I’m walking on the veranda of the Gorgas Building at Texas Southmost College in Brownsville. It’s named for the famous Army physician, William Gorgas, who was sent here to Fort Brown in 1882. This building was already here when he was. It was the hospital he ran. What he would learn here, and what would happen to him, would change the world.
Gorgas was just 27 years old when arrived at Fort Brown. There was a full-blown yellow fever epidemic raging at the time. It was so named because it turned eyes and skin yellow. About half the people who came down with it, died. Yellow fever was not only deadly, it was quick. You could feel fine on Wednesday morning, have symptoms kick in that afternoon, and be dead by Saturday.
Gorgas fought yellow fever head on. He didn’t yet know that mosquitoes spread it, but he did know that good sanitation and quarantining patients was useful. He launched public health measures that helped cut short the epidemic. Perhaps the best thing that happened to him during this time, and it will seem a strange thing to say, is that he came down with yellow fever himself, but it gave him lifelong immunity. He vowed to make fighting the disease his life’s work.
His next significant posting in his war on yellow fever was to Cuba. It was there that the research of the Cuban doctor, Carlos Finlay, had laid out a convincing case for mosquitoes being responsible for transmitting the illness. Walter Reed, a name you likely recognize, tested Finlay’s theories and proved without a doubt that mosquitoes were responsible. Then Gorgas put the knowledge to practical use with fumigation, screening and outlawing open cisterns and standing water. Astoundingly, those efforts virtually wiped out yellow fever in Havana in a couple of years, reducing cases from thousands a year to fewer than 20.
Then Dr. Gorgas made his big leap onto the world stage. You will remember the French had tried to dig the Panama Canal but failed miserably because they lost thousands of workers to yellow fever. Disease drove them out and silenced the steam shovels. The Americans, in a cannot-fail bid to do what the French couldn’t, resumed the dig. But in the first years, yellow fever and malaria threatened to drive the Americans out, too. Some said it would have taken 50 years and 80,000 lives to finish the canal under those conditions.
Gorgas was brought in to solve the problem. But the political leaders in charge didn’t want to hear anything about his mosquito theory. They told him to keep that crazy theory to himself because “everyone knew that those tropical illnesses came from miasma – bad air.” Hell, the word “malaria” itself came from Italian, translating, verbatim, “mal” and “aria” – translation: bad air.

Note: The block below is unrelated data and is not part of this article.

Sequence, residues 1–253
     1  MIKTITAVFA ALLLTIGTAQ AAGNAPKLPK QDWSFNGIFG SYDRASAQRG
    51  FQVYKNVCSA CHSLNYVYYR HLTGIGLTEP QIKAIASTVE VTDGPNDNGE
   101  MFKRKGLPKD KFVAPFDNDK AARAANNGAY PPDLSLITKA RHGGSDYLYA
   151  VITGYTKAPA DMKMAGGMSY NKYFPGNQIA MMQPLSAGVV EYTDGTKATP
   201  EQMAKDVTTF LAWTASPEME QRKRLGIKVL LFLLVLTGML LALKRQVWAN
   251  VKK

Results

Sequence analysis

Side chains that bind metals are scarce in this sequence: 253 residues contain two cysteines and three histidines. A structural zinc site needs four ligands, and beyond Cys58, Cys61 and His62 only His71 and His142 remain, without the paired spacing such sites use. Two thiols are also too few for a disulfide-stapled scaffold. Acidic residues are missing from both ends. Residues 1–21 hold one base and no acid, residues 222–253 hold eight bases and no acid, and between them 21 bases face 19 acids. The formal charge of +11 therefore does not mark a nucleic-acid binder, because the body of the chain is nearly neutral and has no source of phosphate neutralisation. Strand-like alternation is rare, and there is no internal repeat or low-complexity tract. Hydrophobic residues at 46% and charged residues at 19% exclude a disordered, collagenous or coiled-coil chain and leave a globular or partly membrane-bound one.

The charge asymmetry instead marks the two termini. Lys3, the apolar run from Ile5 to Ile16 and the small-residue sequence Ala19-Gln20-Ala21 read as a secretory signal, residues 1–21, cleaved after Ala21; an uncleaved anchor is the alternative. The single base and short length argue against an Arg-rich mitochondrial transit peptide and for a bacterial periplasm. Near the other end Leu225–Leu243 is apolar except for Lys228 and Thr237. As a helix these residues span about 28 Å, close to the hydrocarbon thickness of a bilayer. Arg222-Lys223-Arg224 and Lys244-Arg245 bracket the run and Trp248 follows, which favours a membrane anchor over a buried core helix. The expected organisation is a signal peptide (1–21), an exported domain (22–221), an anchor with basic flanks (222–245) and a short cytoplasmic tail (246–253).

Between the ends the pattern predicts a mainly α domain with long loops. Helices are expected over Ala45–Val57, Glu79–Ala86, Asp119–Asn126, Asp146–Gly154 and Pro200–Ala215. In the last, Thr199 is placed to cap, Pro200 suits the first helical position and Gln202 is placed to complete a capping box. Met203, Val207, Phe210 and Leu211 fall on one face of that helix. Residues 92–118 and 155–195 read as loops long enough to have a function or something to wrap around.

Gorgas learned as Galileo did that getting the world, even scientists, to ditch a centuries old belief system in favor of a new one, has always been unfathomably difficult.
Gorgas wanted to take what he had learned in Brownsville and Cuba and put it to work on a grand scale in Panama. He applied for a million dollars to protect Panama. The U.S. gave him $50,000. But with such poor funding, hundreds of workers were dying each month and the Americans risked being embarrassed by failure, just like the French. Teddy Roosevelt himself intervened and more or less said, “Give Gorgas what he wants.”
So it was then that Gorgas screened all the houses, buildings and particularly the hospitals in the Canal Zone. This was essential because a patient could only get yellow fever from a mosquito that had bitten someone with yellow fever. Gorgas also had an army of fumigators at work across the isthmus every day.
As he had in Cuba, Gorgas got rid of standing water and required covers on cisterns. He also drained swamps and treated undrainable waters with oil to keep larvae from forming. Within two years yellow fever had been completely eradicated from Panama.
Gorgas was considered the medical hero of the canal because, without his work, the engineers and diggers and construction workers could never have done their work. Gorgas, without question, made the canal a reality.
After Panama, Gorgas eventually became Surgeon General of the U.S. Army and was knighted by the King of England for his work in tropical diseases, from which the British greatly benefitted.
So here I sit on the veranda of his old hospital at Fort Brown in Texas. The building still bears Gorgas’ name. I also admire the fact that his name has a place of honor 8,000 miles away on the side of the London School for Hygiene and Tropical Medicine.
Here at Texas Southmost College, funded from this very building, are many fine programs in nursing and health professions active today. I think Gorgas would be pleased.